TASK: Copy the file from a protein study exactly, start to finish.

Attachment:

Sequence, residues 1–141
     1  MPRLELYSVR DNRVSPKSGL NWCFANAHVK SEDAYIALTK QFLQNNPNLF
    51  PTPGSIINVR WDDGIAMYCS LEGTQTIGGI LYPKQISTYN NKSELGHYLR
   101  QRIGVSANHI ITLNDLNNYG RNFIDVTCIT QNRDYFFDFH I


Sequence, residues 1–141
     1  MPRLELYSVR DNRVSPKSGL NWCFANAHVK SEDAYIALTK QFLQNNPNLF
    51  PTPGSIINVR WDDGIAMYCS LEGTQTIGGI LYPKQISTYN NKSELGHYLR
   101  QRIGVSANHI ITLNDLNNYG RNFIDVTCIT QNRDYFFDFH I